Consider, for example, data regarding when employees log on and off of their computers. Depending on how this data source is used, it could inform conclusions that lead to dramatically different outcomes. If an organization institutes “average number of hours worked per day” as a performance indicator, leadership may feel compelled to reward employees who work the longest. Of course, how long someone spends logged into their computer is not always an accurate indicator of productivity. Such a system could lead employees to become frustrated, lose trust in leadership, and adopt unproductive behaviors.
But what if instead, the organization used the same data to track “variability of start times” as an indicator of healthy work habits? This could help managers identify employees whose engagement might be suffering and proactively initiate conversations to help them find ways to feel more excited about their work. This metric is more likely to lead to a positive outcome, since it’s inherently less black-and-white: Variation in start time isn’t necessarily a bad thing, but it can suggest that something has changed in an employee’s typical routine, and can thus be used to spark a thoughtful conversation between manager and employee.
Smart measurement is essential to understanding the impact of flexibility. As such, it’s important to identify the new performance indicators that will be most relevant and helpful to your organization, and focus your visibility efforts accordingly.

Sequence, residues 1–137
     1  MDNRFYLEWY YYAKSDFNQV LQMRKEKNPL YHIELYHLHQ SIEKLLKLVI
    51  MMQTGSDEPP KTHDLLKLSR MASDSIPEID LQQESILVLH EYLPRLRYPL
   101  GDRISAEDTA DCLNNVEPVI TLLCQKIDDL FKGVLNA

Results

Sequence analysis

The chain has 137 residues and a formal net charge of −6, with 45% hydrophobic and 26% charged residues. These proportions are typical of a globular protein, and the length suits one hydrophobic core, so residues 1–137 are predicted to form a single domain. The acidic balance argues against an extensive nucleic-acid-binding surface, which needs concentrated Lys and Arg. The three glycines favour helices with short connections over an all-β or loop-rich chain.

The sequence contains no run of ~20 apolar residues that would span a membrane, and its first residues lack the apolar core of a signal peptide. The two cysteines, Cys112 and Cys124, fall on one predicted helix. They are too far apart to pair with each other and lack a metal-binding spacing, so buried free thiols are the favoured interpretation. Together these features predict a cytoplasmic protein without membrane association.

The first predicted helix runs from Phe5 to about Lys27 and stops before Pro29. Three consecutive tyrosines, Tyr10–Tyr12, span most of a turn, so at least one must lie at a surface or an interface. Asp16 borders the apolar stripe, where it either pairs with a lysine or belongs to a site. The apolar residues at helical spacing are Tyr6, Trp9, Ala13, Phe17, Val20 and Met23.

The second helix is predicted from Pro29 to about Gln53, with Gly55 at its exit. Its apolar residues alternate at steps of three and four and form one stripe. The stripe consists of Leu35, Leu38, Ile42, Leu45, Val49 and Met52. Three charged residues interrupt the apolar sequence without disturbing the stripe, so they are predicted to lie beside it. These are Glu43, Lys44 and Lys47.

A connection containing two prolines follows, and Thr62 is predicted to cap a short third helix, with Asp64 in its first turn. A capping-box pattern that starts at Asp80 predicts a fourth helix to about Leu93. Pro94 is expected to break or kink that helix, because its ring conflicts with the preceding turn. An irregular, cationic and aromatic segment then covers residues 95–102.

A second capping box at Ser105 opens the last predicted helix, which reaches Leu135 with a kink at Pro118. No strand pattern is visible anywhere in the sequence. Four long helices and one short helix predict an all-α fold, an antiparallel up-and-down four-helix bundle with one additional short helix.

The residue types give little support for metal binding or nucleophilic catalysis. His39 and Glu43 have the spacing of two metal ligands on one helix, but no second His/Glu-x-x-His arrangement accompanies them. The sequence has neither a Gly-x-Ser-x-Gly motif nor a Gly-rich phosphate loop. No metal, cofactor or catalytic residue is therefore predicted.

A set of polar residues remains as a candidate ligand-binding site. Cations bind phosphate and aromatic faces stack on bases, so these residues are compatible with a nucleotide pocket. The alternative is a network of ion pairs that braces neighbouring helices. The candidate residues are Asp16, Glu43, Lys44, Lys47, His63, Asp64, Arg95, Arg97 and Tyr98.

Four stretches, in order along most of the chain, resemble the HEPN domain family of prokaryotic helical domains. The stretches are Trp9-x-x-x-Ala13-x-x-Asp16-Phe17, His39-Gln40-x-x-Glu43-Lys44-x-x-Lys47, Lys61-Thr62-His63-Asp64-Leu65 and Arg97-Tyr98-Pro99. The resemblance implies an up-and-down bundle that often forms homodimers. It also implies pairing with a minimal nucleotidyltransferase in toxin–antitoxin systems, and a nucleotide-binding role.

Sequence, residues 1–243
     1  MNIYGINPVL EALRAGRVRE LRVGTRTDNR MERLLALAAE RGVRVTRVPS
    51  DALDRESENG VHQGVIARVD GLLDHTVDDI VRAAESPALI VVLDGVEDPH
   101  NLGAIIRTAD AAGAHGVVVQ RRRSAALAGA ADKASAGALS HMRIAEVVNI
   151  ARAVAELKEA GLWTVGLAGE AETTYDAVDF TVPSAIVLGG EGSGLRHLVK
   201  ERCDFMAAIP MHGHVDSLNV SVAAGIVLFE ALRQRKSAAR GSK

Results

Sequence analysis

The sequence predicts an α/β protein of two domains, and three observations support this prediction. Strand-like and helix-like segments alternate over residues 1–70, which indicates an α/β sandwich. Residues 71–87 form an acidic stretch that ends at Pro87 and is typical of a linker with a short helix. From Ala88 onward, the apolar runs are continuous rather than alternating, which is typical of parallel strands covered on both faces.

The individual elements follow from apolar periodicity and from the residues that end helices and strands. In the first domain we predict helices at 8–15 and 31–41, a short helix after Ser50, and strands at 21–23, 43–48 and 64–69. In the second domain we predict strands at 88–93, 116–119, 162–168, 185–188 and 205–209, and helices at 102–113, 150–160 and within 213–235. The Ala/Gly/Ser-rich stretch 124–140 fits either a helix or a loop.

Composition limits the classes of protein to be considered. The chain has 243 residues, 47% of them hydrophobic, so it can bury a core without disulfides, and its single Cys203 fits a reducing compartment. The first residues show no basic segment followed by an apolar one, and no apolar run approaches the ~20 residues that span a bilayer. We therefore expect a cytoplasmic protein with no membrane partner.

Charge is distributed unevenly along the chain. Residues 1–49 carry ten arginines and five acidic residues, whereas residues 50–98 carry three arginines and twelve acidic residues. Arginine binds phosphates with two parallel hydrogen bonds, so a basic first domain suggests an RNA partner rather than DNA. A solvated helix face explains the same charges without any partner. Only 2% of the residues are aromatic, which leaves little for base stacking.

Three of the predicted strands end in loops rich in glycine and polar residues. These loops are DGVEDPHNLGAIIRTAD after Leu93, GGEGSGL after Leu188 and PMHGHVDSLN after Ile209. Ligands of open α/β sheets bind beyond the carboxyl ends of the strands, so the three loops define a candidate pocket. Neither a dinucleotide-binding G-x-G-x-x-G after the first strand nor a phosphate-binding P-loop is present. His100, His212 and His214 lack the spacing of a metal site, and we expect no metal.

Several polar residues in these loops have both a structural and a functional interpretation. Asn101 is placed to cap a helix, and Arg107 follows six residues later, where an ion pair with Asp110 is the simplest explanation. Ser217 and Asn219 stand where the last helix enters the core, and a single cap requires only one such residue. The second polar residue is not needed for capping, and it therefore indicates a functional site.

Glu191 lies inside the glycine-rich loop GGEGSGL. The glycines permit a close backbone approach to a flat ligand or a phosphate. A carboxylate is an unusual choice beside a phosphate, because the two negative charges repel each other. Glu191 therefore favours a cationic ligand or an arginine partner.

Trust Is Key
As with any major transition, developing and maintaining mutual trust is critical to ensuring success when launching a new approach to visibility. Specifically, there are three components that are necessary to build trust during this shift:
Transparent communication: Both in the planning and implementation stages, leaders must clearly communicate the data they intend to collect, expectations for using this data, and any changes to the strategy along the way.
Access to data and insights: Once they’ve determined how they’ll collect information, it’s important to build processes to ensure that information is shared with all intended stakeholders in a timely fashion, and in a way that feels relevant to and supportive of the work at hand.
Action and real-time adjustments: Finally, leaders must take action based on the data they collect. This also means collaborating with managers and employees to identify opportunities for continuous improvement and building feedback loops that integrate employee reactions, business outcomes, and input from other leaders and experts.
Of course, there are more and less effective ways to implement each of these three elements. Without a bare minimum level of transparency, access, and data-driven action, employers run the risk of exploiting employees and losing their trust entirely. But the most effective leaders move beyond this minimum and actively empower all relevant stakeholders to take an active role in improving their own workflows and addressing organization-wide challenges. The following table illustrates this spectrum of approaches and their impact on leaders’ ability to build trust:
If employers don’t have the visibility they need, they will miss valuable opportunities to provide training, optimize workflows, and invest in critical new technologies. But if employees don’t have flexibility they need, they will lose trust in their leaders, grow frustrated with the lack of autonomy, and become less engaged. The challenge today’s leaders face is to carefully consider these interconnected dynamics, and to identify and implement the forms of flexibility and visibility that will empower their teams and be most effective for their business.
The original article can be found at: Harvard Business Review for Managed IT